Wednesday, January 24, 2018

Speaking of rural disgruntlement...High Country News goes inside State of Jefferson

The High Country News feature by Tay Wiles was published a few days ago.  It appears under the headline, "A Separatist State of Mind," with the sub-head "In the era of Trump, rural discontent settles in the State of Jefferson."  The story is Wiles' behind-the-scenes look at the State of Jefferson movement, and she focuses a great deal on 27-year-old Kayla Brown, a native of Redding, who has been involved off and on in the movement.  Wiles notes that Brown is one of very few young people involved in the movement and that this has led to some conflict between her and the movement's leadership.  Here's an excerpt that plays up race, regional identity, and attachment to place:
The region is largely rural and white (though the Latino population has risen in recent years and there are several Native American tribes), and its politics are mostly red (only four counties went for Hillary Clinton in 2016). But the Northstate is also an idea that encompasses a shared regional identity for people like Brown, who has lived here her whole life and never wants to leave. “You have a lot of rural folk, people who have been here for three, four, sometimes even five generations,” she told me at the [Civl War] re-enactment. “We’re literally tied to the land.”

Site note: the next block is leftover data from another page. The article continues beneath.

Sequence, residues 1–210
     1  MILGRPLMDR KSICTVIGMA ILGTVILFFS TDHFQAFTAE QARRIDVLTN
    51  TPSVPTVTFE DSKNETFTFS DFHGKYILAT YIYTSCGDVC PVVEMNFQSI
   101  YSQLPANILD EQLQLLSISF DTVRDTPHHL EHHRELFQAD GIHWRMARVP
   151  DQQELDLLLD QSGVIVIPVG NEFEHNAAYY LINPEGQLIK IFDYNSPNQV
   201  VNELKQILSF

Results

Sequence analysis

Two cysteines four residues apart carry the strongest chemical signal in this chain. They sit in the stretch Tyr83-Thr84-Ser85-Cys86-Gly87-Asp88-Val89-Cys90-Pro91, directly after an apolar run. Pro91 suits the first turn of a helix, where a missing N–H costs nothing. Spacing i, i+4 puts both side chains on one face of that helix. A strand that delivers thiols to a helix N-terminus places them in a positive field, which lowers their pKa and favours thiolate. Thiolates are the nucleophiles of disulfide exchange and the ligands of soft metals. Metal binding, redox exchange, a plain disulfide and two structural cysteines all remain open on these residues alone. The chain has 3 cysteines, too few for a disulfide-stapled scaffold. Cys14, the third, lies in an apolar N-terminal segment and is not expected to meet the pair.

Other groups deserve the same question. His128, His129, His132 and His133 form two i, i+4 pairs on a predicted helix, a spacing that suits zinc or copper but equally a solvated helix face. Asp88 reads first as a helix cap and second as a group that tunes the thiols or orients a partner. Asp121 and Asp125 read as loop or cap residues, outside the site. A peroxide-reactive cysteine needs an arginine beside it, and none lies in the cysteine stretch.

Another interesting passage about Brown--and State of Jefferson politics--is here:
Brown and her compatriots feel trapped behind enemy lines — rural conservatives in a state led by liberal urban Democrats. The election of Donald Trump and the rise of the California progressive “resistance” have riled conservatives anew. Libertarian-tinged sentiments are deeply rooted here. Poor policy is squandering natural resources, such as agriculture, timber and minerals, Brown said, making rural life increasingly difficult. And now, more people from coastal, urban parts of the state are moving in, bringing liberal values that chafe local sensibilities.
This coastal v. inland divide is also a theme in the recently announced effort to divide the Golden State into California and New California, discussed here.

Another big theme of the article is economics--in particular the lack of economic opportunity in the State of Jefferson.  Wiles tells us that Brown and her husband were thinking of leaving the state about five years ago, when her husband was looking at job opportunities in Wyoming and Idaho.  She talked him into giving northern California another shot--five years based on her hope that, within that time frame, the State of Jefferson might have become a reality.  Now that five years is nearly up and the couple have two young children, complicating their circumstances.

In any event, don't miss this fascinating piece, a great read in its entirety (and, am I quoted regarding the relative political powerlessness of rural Californians and proposing the practice of rural proofing to elevate rural visibility in politics).

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